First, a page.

Is Project-Based Learning the Best Strategy?

These days it seems like everyone’s getting excited about project-based learning, to reduce the anxiety for students who hate exams and essays. Few people talk about the dark side of project-based learning, though, so here are several things to consider before you integrate it into your classroom.

First, there is the matter of projects requiring a significant amount of time to complete. Even small projects, when they involve groups, often result in much of the time being spent creating an effective work dynamic, which, while a useful skill, steals from the already limited amount of time teachers have to teach all the math required by the curriculum. In order for the project to be worthwhile, students need to be able to learn efficiently, and projects may or may not be the most efficient means of learning for all students.

Surprisingly, many students who are linear thinkers tend to prefer exams and assignments to projects, so that they are able to define precisely which topics to study, and they know immediately whether they understand or not. Projects can cause some anxiety to them if they have less control over their final grade. Also on the topic of grading, it can be difficult for the teacher to summatively assess projects (i.e. give grades), since the requirements of projects tend to be less precise. Because not every school prefers formative assessment over summative, this can be a significant issue.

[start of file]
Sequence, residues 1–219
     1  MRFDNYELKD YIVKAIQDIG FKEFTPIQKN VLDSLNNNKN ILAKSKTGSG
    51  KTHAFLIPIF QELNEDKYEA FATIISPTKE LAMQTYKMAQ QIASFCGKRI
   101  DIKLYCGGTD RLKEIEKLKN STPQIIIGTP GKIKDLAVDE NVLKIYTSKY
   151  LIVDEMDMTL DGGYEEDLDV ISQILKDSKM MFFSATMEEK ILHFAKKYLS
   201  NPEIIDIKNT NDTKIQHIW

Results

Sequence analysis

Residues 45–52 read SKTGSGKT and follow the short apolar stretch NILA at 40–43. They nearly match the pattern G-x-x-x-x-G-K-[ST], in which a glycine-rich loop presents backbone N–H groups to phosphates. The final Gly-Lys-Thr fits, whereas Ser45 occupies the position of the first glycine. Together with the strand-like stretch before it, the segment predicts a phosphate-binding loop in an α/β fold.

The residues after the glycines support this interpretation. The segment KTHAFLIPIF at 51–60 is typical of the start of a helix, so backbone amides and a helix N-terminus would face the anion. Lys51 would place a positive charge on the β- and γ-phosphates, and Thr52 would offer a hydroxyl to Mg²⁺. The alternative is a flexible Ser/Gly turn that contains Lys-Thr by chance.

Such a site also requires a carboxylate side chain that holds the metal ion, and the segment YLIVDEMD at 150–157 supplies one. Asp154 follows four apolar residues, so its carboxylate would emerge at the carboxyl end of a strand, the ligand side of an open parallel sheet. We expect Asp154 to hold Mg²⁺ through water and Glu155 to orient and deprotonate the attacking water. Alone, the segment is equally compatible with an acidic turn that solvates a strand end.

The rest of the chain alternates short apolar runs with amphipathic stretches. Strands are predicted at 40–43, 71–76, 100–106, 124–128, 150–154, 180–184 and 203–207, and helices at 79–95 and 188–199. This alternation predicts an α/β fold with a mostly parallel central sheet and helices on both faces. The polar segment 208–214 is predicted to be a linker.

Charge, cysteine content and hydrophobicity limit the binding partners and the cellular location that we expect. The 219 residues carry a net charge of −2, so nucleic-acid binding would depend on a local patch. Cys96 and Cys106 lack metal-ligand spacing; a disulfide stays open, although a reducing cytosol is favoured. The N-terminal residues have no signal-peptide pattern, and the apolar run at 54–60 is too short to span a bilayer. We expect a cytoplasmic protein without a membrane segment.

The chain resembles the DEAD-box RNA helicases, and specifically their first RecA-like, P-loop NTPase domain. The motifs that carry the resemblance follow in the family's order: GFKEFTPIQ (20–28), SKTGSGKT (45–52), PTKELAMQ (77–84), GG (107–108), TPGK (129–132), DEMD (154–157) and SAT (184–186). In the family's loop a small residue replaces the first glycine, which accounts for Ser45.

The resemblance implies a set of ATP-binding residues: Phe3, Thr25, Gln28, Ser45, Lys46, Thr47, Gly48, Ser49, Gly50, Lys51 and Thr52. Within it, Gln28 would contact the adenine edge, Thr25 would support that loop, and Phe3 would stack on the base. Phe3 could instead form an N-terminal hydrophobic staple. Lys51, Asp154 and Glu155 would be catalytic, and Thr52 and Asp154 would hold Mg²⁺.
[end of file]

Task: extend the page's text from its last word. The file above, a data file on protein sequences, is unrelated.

There is also the matter of finding a project that is appropriate to the students. It is often quite difficult to apply more advanced mathematical concepts to models (though more of them are surfacing online), and thus it can be tricky to create a project that actually increases student understanding. Older students may feel condescended to if they are given a more basic project.

Overall, it is my opinion that projects have their place in the classroom, but like so many other approaches to education, project-based learning is but one useful technique among hundreds of techniques that may be appropriate sometimes and counterproductive other times.

Leave a comment

Leave a Reply

Your email address will not be published. Required fields are marked *